enhanced] DD-B

Book Note: Scott Westerfeld, Uglies

I read this book about 2-Jun-2008. This is the first time I've read this book. The book is copyright 2005. This note was last modified Sunday, 20-Jul-2008 08:20:11 PDT.

This note contains spoilers for the book.


For some reason it took forever to get through this; I never felt it was really the book's fault, but I had a lot going on personally and at work during a lot of the time, and just wasn't getting any concentrated reading time.

This is a "youngster brings down repressive society" book. Well, they don't actually bring it down, hence presumably the two sequels. But regardless of the outcome, that's the sub-genre it comes from. Reminded me a bit of some of the old pieces in the big two-volume anthology SFBC used to sell everybody when they signed up (A Treasury of Great Science Fiction, edited by Anthony Boucher) and other 50s and early 60s SF with collapse of civilization themes. (Those two volumes have been in the headboard of my bed for years, at this point I don't even remember what they're down here for. Maybe somebody else was reading them?)

Apparently those who run society like it better if they pretty much lobotomize most people. It makes them easier to control (cheerful, cooperative, and so forth). Luckily they can undo it if the person manages to show signs of interest in doing substantive work (like being a doctor). And the doctors who perform the operation don't actually know how the "lesions" are caused, even; something in the procedure they're taught must do it, but it's not obvious what.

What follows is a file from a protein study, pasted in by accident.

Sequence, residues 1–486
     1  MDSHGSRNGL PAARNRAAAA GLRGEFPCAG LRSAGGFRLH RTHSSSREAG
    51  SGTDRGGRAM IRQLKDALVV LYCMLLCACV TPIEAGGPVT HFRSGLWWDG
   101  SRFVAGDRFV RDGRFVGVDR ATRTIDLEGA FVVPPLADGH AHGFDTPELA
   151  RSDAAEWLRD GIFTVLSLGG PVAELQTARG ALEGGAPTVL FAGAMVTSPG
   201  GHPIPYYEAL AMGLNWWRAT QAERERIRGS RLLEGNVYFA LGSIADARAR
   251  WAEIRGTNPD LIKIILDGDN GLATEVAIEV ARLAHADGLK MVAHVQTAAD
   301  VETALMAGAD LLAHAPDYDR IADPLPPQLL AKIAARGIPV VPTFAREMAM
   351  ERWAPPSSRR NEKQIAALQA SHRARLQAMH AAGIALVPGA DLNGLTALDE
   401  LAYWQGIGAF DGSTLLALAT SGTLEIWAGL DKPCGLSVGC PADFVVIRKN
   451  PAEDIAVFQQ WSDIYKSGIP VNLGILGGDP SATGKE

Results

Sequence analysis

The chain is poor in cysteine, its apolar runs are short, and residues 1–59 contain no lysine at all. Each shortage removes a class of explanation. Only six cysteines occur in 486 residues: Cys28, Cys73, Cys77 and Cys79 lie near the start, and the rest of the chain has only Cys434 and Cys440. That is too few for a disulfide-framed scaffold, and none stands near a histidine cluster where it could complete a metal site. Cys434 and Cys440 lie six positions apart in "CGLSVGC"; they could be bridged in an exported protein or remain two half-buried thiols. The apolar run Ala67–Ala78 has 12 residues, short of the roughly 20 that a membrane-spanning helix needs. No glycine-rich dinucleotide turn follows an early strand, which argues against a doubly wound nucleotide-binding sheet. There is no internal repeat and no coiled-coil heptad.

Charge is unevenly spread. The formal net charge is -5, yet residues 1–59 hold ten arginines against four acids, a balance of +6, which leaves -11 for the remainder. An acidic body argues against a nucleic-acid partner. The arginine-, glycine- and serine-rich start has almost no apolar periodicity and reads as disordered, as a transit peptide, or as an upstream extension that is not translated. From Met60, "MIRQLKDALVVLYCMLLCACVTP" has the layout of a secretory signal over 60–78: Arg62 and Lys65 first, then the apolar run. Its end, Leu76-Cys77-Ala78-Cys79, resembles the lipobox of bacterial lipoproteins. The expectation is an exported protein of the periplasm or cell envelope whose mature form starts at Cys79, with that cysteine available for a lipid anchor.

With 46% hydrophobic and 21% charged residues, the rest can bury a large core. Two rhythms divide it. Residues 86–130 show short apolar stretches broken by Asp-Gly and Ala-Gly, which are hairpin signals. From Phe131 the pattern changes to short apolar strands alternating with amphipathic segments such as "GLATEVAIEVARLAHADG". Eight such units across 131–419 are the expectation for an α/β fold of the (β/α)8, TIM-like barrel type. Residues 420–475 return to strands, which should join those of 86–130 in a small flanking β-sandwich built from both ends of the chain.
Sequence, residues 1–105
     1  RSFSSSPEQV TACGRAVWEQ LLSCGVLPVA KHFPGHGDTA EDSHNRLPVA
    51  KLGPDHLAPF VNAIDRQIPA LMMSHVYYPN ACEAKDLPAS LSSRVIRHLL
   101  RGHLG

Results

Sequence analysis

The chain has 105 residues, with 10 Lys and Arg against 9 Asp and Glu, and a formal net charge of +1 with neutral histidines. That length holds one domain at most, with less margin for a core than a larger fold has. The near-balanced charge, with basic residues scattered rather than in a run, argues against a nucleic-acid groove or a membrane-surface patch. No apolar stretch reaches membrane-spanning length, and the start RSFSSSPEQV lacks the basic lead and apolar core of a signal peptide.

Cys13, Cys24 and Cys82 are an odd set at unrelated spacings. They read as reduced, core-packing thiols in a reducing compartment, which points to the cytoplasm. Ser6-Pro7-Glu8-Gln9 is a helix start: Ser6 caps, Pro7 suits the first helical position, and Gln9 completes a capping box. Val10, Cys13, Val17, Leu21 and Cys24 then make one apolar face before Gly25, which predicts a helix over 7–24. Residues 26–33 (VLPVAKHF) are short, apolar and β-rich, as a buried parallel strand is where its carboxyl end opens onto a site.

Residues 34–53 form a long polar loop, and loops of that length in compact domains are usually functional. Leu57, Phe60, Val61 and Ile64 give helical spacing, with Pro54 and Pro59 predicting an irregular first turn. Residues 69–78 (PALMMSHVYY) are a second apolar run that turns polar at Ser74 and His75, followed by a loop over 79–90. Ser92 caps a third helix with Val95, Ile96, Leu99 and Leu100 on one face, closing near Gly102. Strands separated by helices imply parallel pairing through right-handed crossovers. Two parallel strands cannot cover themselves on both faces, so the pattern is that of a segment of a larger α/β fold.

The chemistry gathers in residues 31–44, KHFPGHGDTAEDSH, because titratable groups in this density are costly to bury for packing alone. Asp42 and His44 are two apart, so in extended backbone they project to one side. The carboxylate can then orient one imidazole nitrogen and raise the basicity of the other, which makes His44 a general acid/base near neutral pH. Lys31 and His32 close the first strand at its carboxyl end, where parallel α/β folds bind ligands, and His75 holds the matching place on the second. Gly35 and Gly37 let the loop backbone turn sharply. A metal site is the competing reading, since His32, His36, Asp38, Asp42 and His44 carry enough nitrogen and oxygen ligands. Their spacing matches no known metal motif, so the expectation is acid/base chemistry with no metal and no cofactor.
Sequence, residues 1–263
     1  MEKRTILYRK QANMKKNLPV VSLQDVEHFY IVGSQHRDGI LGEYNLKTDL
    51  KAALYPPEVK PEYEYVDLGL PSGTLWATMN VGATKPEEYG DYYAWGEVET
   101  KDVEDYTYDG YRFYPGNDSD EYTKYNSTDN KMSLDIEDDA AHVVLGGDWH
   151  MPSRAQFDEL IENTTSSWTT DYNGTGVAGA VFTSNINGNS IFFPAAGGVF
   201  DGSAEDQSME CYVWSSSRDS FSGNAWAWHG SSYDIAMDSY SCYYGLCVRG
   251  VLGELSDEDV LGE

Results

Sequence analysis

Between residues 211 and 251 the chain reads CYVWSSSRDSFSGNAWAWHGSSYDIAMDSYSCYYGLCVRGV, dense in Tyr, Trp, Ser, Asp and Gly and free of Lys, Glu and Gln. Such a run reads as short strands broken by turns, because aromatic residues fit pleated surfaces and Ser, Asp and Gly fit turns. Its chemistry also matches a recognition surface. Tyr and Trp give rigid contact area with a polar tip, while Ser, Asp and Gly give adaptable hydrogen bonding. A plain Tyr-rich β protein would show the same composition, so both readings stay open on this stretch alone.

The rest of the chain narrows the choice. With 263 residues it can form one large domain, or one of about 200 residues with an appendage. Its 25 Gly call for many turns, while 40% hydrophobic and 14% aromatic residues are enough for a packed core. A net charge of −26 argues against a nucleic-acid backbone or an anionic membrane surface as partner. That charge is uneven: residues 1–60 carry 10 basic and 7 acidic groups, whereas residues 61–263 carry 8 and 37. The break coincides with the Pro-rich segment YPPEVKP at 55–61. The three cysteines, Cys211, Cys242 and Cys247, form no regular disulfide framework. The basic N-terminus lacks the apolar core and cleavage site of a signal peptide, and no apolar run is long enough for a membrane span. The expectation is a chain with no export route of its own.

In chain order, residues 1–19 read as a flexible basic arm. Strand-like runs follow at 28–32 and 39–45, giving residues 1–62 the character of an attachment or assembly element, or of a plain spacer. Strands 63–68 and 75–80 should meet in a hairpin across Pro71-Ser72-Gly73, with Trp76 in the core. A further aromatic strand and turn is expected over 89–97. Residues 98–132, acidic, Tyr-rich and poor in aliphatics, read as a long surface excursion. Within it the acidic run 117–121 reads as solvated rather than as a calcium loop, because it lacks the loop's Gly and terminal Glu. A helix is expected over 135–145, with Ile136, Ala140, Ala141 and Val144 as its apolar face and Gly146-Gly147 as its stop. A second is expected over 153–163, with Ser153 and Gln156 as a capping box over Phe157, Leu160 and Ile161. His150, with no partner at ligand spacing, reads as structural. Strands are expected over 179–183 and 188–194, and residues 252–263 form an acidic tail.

Super plastic survery on everybody at age 16 is one way to solve the problem of people's lives being overly influenced by how they look. Make everybody beautiful! There's no discussion of how this works with slobs, people who don't bother to dress to impress, those who won't wear makeup, and so forth, though.

I'm skeptical of the assertion that all riverbeds have a high enough concentration of iron to make a magnetic repulsor work. Google hasn't found me any mention of the theory, not even a debunking, let alone a reason to believe it; it doesn't seem to be a theory in play anywhere I can find. But then I'm skeptical of the whole partial-antigravity aspect of the civilization (and of the hoverboards in particular). I think he had to invent limits to keep it from beeing too powerful, and then had to find a way to make wilderness travel possible.

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David Dyer-Bennet